Lakers contact Rick Adelman as coaching search gains momentum, slowly

The Lakers are slowly reaching out to coaching candidates, contacting Rick Adelman to officially express an interest in him to replace Phil Jackson.

The three decision-makers for the Lakers’ coaching search — owner Jerry Buss and executives Jim Buss and Mitch Kupchak — continued the gradual momentum from their meeting Tuesday in which they drew up an official list.

Former Lakers coach Mike Dunleavy and current Lakers assistant coach Brian Shaw are also candidates. Former Cleveland coach Mike Brown is considered the front-runner for the Golden State coaching job, though the Lakers are somewhat interested in him too.

The Lakers aren’t in a huge rush. Interviews with candidates could begin next week, though they might not happen until the first week of June.

The Lakers are adamantly opposed to offering other teams compensation via draft picks or cash to lure their coaches away, effectively ending any chance of hiring Portland’s Nate McMillan, Cleveland’s Byron Scott or Minnesota’s Kurt Rambis, The Times has learned.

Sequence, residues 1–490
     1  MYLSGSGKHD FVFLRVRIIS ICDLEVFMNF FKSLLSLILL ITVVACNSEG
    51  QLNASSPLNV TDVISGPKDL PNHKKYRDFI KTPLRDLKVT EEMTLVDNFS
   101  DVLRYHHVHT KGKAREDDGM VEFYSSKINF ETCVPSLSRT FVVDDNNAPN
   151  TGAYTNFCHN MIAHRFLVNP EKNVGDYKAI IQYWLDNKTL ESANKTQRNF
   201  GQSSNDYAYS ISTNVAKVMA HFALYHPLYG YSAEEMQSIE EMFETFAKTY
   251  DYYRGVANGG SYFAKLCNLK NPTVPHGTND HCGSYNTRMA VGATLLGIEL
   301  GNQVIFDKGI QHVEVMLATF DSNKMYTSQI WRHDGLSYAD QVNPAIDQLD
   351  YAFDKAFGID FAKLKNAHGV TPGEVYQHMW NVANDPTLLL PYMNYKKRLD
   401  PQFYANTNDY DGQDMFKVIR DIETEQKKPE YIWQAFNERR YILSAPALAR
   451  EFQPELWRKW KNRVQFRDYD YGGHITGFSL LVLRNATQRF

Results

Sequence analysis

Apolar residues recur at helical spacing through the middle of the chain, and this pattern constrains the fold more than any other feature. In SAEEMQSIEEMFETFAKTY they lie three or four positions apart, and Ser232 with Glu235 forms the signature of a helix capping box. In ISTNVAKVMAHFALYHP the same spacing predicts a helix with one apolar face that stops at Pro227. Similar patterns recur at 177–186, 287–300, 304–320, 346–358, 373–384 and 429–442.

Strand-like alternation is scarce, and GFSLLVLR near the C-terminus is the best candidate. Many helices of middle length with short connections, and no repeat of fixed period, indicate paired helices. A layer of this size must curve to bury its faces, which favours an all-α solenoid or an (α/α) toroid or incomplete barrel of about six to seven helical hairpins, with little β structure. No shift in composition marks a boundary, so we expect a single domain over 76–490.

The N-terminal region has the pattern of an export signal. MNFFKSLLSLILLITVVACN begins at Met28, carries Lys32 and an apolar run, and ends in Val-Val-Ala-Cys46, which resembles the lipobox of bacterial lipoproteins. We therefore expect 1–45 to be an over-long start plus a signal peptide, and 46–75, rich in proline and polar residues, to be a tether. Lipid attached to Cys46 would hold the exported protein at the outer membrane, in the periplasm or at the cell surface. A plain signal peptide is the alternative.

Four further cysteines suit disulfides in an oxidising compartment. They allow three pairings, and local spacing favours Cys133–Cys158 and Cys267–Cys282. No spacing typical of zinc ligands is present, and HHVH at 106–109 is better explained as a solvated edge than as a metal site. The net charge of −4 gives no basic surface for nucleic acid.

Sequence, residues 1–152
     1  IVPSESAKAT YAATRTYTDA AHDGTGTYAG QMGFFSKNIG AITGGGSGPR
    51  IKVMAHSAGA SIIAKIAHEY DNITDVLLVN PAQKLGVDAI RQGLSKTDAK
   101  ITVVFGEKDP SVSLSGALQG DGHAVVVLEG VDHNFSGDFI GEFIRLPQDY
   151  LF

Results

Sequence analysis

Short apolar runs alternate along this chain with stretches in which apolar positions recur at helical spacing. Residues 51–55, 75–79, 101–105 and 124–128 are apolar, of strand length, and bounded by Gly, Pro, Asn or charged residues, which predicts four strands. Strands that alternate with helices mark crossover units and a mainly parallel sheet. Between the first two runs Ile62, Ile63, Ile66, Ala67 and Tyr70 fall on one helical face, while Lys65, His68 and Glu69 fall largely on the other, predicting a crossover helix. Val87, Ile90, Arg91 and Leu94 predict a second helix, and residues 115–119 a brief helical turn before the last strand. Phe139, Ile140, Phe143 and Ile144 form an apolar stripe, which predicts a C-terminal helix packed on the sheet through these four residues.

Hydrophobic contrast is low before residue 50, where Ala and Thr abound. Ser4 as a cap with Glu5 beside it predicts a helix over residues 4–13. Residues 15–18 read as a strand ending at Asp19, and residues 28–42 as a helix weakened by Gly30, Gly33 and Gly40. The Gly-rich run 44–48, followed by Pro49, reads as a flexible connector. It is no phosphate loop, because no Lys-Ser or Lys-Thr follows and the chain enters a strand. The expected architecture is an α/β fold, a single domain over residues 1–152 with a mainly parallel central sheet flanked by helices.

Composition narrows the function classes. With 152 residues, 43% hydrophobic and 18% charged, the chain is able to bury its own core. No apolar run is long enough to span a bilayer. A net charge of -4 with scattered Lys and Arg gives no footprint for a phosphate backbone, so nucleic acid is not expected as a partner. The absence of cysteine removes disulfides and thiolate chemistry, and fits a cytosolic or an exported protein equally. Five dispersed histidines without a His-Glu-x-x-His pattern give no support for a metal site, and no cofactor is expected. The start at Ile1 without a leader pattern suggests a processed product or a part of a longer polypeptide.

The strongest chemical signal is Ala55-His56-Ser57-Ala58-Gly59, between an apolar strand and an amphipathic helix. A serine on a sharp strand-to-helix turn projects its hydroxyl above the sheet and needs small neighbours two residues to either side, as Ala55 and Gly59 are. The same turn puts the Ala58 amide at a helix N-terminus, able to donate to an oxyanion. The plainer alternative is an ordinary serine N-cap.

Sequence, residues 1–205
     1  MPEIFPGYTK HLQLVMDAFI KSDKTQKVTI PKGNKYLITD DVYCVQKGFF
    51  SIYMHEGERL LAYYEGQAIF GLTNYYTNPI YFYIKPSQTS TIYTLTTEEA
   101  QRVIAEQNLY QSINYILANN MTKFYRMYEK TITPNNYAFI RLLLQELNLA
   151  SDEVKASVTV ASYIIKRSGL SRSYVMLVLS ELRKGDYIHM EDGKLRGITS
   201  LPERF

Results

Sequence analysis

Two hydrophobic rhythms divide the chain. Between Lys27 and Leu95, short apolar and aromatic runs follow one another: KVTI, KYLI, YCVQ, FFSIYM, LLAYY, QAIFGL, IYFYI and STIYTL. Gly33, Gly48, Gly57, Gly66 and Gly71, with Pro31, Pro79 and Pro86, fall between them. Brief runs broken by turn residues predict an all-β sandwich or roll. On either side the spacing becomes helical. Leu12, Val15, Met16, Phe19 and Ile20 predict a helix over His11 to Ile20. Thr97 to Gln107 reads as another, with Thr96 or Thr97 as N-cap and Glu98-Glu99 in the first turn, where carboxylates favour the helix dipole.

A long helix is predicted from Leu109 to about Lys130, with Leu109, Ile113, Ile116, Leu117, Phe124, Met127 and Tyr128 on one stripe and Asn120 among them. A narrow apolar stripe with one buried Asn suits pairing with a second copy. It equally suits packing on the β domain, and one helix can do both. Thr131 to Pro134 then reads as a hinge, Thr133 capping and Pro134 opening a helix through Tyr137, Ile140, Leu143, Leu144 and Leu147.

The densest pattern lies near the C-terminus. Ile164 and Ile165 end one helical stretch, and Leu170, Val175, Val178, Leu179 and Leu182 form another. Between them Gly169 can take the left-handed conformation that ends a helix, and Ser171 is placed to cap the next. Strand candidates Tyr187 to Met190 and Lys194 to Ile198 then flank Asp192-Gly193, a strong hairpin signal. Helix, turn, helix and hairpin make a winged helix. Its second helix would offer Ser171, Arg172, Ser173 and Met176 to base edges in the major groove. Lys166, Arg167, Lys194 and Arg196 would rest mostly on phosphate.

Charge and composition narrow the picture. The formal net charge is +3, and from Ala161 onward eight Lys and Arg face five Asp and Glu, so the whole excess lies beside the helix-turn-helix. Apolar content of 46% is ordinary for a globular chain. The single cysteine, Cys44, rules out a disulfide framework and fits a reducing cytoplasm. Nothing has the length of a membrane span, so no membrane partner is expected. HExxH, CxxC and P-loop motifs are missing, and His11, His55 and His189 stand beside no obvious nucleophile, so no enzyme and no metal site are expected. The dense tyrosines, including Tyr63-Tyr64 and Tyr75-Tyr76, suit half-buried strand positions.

Photos: Phil Jackson through the years

Shaw and fellow Lakers assistant Chuck Person interviewed earlier this week with Golden State. Of the two, Shaw is considered the stronger prospect for the Lakers job, though the Lakers are leaning toward hiring a candidate with previous NBA head-coaching experience.

Adelman compiled a 945-616 record in 20 NBA seasons as a coach with Portland (1988-94), Golden State (1995-97), Sacramento (1998-2006) and Houston (2007-11). Adelman and the Rockets mutually parted ways after Houston went 43-39 this season, missing out on a playoff spot by three games despite Yao Ming’s missing all but five games.

Adelman, who turns 65 on June 16, is one of only five coaches in NBA history to win 60 or more games in a season with two different teams. He coached in the NBA Finals with Portland in 1990 and 1992.

Dunleavy, 57, coached the Lakers for two seasons in the early 1990s, including their trip to the Finals in 1991. He was the Clippers’ coach for almost seven seasons before he stepped down as coach in February 2010 and was fired as general manager the next month.

Brown, 41, was selected the NBA coach of the year in 2009 after guiding Cleveland to a 66-16 record. A year later, however, he was fired after the Cavaliers failed to get past Boston in the 2010 Eastern Conference semifinals.

Scott was hired to take Brown’s place in Cleveland last July.